Everton vs Arsenal: Five things we think could happen

The landscape has changed dramatically both on Merseyside and in London as Everton and Arsenal approach this weekend’s blockbuster bout on the cusp of club-defining appointments.

The Gunners wielded the axe on Unai Emery last month, bringing an end to his 18-month tenure after fans grew tired of his polarising line-ups, persistent system changes and a quite shocking autumnal form.

Club legend and Invincible Freddie Ljungberg stepped into the frame as interim coach but Arsenal have continued to frustrate and wilt when pitted against competent opposition.

As such, it was announced on Friday that Mikel Arteta will take charge on Sunday, meaning Ljungberg will bow out after the early kick-off on Saturday.

For the Toffees, Marco Silva saw his 19-month reign come to an end earlier this month, with Duncan Ferguson taking the helm and immediately overseeing a mini-revolution. However, it is now looking increasingly likely that serial-winner Carlo Ancelotti will step into uncharted territory at the foot of the Premier League table and become Farhad Moshiri’s latest managerial acquisition.

However, until then Ferguson remains in control and will go head-to-head with Ljungberg in the Swede’s final match.

The next few days will certainly be interesting, but what can we expect from this intriguing matchup? Will Ancelotti and Arteta have influences from afar?

1. A Guardiola-esque Arsenal

Even though Arteta does not officially take charge at Arsenal until Sunday, the Spaniard’s arrival have an impact in the Gunners’ game against Everton.

There can be no getting away from the fact that Arsenal are recruiting Arteta in the hope that some of Guardiola’s managerial magic has rubbed off on him.

A disciple of Cruyffian football, Guardiola has popularised the art of ball retention in the modern game and Arteta will certainly look to bring that passing philosophy with him to the Emirates.

If Ljungberg looks to ready the troops for Arteta’s arrival, it could mean a deviation from Arsenal’s current 4-2-3-1 and the introduction of a 4-3-3 formation, looking to recreate the sort of vertical tiki-taka system immortalised in Manchester.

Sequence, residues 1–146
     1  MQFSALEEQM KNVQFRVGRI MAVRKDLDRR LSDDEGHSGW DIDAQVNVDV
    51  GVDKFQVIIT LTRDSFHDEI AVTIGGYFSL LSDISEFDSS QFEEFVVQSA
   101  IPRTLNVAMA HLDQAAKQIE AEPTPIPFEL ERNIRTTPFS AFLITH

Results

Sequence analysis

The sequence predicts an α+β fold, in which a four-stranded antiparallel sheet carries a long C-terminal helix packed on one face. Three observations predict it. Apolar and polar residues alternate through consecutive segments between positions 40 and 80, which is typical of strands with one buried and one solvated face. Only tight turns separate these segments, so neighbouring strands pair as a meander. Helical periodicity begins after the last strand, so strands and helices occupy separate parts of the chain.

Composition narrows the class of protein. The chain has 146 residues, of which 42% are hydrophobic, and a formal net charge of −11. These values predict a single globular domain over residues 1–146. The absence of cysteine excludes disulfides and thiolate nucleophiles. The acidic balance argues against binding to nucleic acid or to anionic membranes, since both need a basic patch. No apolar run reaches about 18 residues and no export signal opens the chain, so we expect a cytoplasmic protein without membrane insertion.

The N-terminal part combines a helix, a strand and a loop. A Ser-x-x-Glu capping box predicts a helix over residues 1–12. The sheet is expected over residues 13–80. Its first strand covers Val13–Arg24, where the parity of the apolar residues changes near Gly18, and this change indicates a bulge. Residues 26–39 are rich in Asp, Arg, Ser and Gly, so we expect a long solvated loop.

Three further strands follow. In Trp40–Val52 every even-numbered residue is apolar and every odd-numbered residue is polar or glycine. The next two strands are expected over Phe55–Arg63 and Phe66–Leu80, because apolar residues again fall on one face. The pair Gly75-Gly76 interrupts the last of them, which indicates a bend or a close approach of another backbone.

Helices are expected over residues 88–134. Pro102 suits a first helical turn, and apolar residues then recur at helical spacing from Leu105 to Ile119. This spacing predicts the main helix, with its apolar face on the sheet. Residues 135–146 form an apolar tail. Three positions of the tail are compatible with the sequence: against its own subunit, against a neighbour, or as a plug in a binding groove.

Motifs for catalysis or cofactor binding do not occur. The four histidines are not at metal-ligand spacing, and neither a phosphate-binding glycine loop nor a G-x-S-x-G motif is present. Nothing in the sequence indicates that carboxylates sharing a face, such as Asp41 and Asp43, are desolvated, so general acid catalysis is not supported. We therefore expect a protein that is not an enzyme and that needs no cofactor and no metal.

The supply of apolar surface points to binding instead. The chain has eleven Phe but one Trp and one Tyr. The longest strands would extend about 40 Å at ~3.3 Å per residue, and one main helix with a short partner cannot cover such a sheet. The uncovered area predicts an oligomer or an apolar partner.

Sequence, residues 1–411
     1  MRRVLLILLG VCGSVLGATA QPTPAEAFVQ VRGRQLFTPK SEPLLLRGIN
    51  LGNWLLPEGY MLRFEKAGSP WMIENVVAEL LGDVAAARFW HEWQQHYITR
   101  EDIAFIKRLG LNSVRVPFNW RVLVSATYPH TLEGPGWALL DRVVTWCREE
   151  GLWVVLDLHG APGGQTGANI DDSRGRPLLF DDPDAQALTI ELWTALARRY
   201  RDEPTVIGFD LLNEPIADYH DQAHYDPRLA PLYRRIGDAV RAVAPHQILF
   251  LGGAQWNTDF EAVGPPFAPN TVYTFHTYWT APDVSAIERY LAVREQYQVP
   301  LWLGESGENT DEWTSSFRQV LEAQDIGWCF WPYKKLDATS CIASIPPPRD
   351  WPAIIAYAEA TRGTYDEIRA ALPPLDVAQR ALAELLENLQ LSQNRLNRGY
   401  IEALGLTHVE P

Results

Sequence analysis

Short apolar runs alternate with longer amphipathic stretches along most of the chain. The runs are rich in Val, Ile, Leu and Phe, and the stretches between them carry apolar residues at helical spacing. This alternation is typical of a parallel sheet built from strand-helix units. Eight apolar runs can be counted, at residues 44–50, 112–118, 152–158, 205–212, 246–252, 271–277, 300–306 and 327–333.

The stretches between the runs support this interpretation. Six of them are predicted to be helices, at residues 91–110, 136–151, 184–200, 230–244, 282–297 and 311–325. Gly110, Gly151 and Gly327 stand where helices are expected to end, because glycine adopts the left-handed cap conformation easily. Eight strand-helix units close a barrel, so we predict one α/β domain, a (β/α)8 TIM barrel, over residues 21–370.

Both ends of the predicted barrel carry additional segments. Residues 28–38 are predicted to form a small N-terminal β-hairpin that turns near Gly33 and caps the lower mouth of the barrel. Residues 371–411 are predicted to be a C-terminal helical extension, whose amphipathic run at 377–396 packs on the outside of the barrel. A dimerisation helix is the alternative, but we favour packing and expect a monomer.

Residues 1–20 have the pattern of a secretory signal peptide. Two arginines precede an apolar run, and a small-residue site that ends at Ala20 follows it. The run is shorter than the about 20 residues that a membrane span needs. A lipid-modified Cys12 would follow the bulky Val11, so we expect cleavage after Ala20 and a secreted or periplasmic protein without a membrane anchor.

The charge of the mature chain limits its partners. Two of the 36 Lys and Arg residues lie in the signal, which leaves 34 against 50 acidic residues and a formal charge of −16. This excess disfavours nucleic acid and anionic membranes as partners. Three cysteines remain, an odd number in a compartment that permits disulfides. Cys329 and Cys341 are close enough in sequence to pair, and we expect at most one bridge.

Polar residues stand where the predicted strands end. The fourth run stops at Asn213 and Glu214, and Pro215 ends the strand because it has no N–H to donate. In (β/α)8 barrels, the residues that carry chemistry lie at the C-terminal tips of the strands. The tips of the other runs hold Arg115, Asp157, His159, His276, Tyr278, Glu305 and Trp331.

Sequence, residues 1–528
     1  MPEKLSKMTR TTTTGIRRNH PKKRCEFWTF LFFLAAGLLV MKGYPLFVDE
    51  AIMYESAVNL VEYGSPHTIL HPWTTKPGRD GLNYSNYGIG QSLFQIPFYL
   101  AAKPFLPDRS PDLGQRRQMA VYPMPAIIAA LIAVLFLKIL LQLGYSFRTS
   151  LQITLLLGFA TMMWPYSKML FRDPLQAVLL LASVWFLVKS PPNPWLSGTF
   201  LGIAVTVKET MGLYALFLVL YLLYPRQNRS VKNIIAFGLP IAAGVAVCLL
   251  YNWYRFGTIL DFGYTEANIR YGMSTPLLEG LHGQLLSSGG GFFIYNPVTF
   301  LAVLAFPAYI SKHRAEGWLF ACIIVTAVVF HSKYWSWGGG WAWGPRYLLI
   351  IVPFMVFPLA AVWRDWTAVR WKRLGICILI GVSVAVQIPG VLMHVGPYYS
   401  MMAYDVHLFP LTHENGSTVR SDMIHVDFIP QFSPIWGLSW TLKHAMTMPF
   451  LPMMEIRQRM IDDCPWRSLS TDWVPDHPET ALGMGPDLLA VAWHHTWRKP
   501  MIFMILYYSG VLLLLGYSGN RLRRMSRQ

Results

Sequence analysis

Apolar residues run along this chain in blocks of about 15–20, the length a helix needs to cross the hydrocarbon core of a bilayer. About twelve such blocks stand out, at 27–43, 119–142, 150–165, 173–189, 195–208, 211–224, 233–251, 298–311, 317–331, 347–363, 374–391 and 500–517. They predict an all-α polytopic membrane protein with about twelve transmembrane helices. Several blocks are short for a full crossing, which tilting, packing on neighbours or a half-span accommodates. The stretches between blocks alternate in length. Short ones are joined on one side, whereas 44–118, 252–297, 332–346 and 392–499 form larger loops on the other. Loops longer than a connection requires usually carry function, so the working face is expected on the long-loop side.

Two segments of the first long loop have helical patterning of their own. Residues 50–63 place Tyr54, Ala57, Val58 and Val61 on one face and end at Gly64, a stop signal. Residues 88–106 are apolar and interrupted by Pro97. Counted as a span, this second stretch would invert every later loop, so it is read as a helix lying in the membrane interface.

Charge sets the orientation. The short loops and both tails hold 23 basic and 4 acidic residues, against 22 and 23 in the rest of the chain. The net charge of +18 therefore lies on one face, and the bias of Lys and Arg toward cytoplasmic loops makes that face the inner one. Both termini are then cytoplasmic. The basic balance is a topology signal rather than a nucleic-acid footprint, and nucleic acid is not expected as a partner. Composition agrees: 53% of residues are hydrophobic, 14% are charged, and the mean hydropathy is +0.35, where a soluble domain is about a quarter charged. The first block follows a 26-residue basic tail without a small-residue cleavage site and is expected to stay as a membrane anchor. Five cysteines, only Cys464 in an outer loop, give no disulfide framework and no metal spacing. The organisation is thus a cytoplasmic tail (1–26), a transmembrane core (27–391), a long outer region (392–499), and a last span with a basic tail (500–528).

Manchester City manager Pep Guardiola with assistant manager Mikel Arteta (right) during the Carabao Cup quarter final match at Kassam Stadium, Oxford.

The biggest dilemma facing Ljungberg in this regard will be in central midfield and whether Arsenal have the requisite players to truly thrive in this system. With Dani Ceballos currently sidelined, Lucas Torreira out of sorts and Granit Xhaka’s career in limbo, it could prove exceptionally difficult for Ljungberg to try and recreate the kind of elegant midfield trident that has proven so effective at the Etihad.

But the Swede may want to indoctrinate Arteta’s potential system from the off, so we may very well see a 4-3-3 at Goodison Park regardless, but how would it look? Well, Matteo Guendouzi will likely sit at the base, setting the tempo and recycling possession, while Ceballos will function just in front of the Frenchman, almost in a dynamic No. 8 role similar to that of Ilkay Gundogan.

And this is where things could get interesting. Kevin De Bruyne naturally takes up an advanced role in the midfield three for City, and he has previously credited Arteta with improving his game, so could the Spaniard try to work his golden touch with Ozil as well when he arrives?

That would mean the German dropping deeper and looking to initiate attacking moves rather drifting between the lines further up the pitch. It’s a risk given Ozil’s waning form and unhurried demeanour, but it could prove the change needed to spark new life into this sleeping genius.

Arsenal have proven exceptionally cumbersome and languid this season, and even with the introduction of Ljungberg, a club legend and fan favourite, the football on display has too often lacked the energy and desire needed to compete consistently in the Premier League.

The managerial bounce that usually elicits a more intense and fervent style of play has so far eluded the club, but the appointment of Arteta should instil a more determined and dogged mentality amongst his soon-to-be players.